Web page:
PNGs are for high-quality images and usually have a transparent background. However, it is the largest of the three, so use it with caution. JPG is the most popular image format because it can display detail and color while maintaining a relatively low weight.
In general, keep JPG images under 100 KB and 1920 pixels. GIF files are limited to 256 colors, so this format is best for simple animations with little detail.
2. Using a Content Delivery Network (CDN)
Utilizing CDN for your website is beneficial not only for image files but also for the overall speed of your website. CDN can significantly reduce upload times when downloading images, by loading static images onto the closest server to the user. Image optimization can be categorized by:
Cache controls – CDN offers a user-friendly interface where you can define proxy caching policies or set rules for specific groups of files or file types. This type of caching reduces the load on the original server by eliminating the need for new visitor applications that effectively reduce bandwidth usage.
Automated compression – One of the great things about CDN is that it automates image compression by following instructions. This will allow you to choose the right balance between speed and quality for your website.
Progressive loading – This method involves first creating an image from a high-pixel version. The image is then replaced with progressively higher quality versions until the desired quality is achieved.
3. Utilize a Digital Asset Management Solution
A digital asset management solution works as a central repository, helping you organize the image library. DAM software helps image optimization by automating image file tags and format conversion, making it easier to optimize the files for uploading.
DAM software can come in many shapes and sizes and can be hosted on the cloud or on premise. With some DAM solely focused on image and video management.
4. Consider Lazy Loading
Instead of loading all your images initially, only the images displayed on the user’s screen will be visible. Replace all other images with placeholder images or spaces.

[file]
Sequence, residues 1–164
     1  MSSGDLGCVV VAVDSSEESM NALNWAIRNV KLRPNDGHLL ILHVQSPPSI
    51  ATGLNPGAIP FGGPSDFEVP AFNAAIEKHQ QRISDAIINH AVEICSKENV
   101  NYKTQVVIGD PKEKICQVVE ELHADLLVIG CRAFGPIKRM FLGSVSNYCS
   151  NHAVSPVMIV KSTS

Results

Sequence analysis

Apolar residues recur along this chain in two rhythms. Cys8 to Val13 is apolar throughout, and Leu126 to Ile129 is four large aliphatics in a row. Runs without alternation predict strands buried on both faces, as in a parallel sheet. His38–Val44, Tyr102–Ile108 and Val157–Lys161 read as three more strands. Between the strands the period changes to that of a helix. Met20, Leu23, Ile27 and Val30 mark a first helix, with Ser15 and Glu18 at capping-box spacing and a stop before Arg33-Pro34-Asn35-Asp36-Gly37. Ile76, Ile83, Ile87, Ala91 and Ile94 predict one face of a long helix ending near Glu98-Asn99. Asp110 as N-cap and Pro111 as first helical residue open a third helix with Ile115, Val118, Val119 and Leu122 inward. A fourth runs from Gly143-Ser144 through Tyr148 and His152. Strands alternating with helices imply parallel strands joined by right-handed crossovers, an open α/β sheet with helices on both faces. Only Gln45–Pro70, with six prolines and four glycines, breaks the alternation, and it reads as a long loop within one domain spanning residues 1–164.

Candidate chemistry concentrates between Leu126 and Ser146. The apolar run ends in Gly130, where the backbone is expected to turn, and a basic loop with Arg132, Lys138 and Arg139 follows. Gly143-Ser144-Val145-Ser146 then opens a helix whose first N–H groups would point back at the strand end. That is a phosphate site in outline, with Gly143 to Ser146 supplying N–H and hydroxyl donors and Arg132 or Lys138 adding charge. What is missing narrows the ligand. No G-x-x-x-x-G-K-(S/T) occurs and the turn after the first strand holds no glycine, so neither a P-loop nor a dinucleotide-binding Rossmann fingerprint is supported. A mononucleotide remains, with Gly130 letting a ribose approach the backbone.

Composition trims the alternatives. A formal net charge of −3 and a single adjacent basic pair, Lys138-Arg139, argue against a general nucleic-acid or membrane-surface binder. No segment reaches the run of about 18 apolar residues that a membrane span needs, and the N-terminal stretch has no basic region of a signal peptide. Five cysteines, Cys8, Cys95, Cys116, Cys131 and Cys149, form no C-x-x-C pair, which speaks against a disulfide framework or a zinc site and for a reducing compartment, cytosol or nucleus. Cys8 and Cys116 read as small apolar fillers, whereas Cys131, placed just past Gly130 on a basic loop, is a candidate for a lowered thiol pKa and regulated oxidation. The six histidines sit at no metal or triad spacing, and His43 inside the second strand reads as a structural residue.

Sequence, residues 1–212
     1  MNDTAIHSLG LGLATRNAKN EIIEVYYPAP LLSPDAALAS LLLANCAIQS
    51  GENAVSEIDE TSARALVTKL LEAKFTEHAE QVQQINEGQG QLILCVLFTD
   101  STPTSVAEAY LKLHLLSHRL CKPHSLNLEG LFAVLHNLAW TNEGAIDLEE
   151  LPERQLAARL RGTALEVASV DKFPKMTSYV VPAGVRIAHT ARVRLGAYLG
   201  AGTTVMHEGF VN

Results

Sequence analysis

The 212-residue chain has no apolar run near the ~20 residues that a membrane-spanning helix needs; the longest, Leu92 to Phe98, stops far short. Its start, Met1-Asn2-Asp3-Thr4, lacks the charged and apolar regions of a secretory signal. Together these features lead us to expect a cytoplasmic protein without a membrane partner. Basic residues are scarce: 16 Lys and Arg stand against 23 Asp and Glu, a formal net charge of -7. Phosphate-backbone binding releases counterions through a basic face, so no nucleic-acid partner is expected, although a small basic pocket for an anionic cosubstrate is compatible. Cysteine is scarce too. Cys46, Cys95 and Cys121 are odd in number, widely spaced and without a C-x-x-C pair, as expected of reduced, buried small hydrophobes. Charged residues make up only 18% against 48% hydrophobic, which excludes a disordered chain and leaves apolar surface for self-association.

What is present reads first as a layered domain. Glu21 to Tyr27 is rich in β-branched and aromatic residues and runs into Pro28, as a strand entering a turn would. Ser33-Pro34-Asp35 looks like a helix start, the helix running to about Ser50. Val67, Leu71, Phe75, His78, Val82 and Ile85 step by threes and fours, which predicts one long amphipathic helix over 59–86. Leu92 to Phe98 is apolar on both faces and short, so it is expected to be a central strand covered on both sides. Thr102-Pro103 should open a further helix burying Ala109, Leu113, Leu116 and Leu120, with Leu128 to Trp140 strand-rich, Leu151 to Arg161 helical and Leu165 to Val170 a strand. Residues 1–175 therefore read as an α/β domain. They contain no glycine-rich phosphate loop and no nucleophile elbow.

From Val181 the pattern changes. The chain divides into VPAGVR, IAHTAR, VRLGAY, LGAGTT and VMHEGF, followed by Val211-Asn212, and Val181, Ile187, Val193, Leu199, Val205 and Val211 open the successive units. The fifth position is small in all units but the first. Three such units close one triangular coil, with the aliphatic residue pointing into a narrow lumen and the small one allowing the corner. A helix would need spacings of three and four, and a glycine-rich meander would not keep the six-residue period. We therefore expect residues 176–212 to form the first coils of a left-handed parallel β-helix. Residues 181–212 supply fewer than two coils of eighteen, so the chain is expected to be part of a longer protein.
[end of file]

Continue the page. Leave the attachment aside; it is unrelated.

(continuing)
As the user scrolls through the web page, lazy loading loads the images that are visible in user’s browser’s viewing area. This will reduce the initial web page loading time, allowing your users to view your website faster.
5. Optimize Your Thumbnails
Websites such as e-commerce use thumbnails for category pages. You might think that they don’t take up much space, just because they look small. However, thumbnails can subtly increase the page load time.
By reducing the thumbnail size, you can reduce the cumulative effect of thumbnails on page load time. The ideal size for thumbnails is less than 70kb, don’t forget to name to name your thumbnail images appropriately.
Image optimization helps speed up page uploads, improve the user experience, retain visitors and improve the overall performance of your website. Therefore, following the actionable tips above is a good starting point for improving the experience of your website visitors.
If you need help implementing any of the above suggestions, please contact me! You know I am always happy to help.
Ethan is a Full Stack Web Developer and SEO Specialist based in Pittsburgh, PA. In his free time, Ethan enjoys working on various projects involving Ruby, Vue and AWS applications.
Ethan graduated from The Firehose Project coding bootcamp in 2016 with a focus on Ruby on Rail and Computer Software engineering.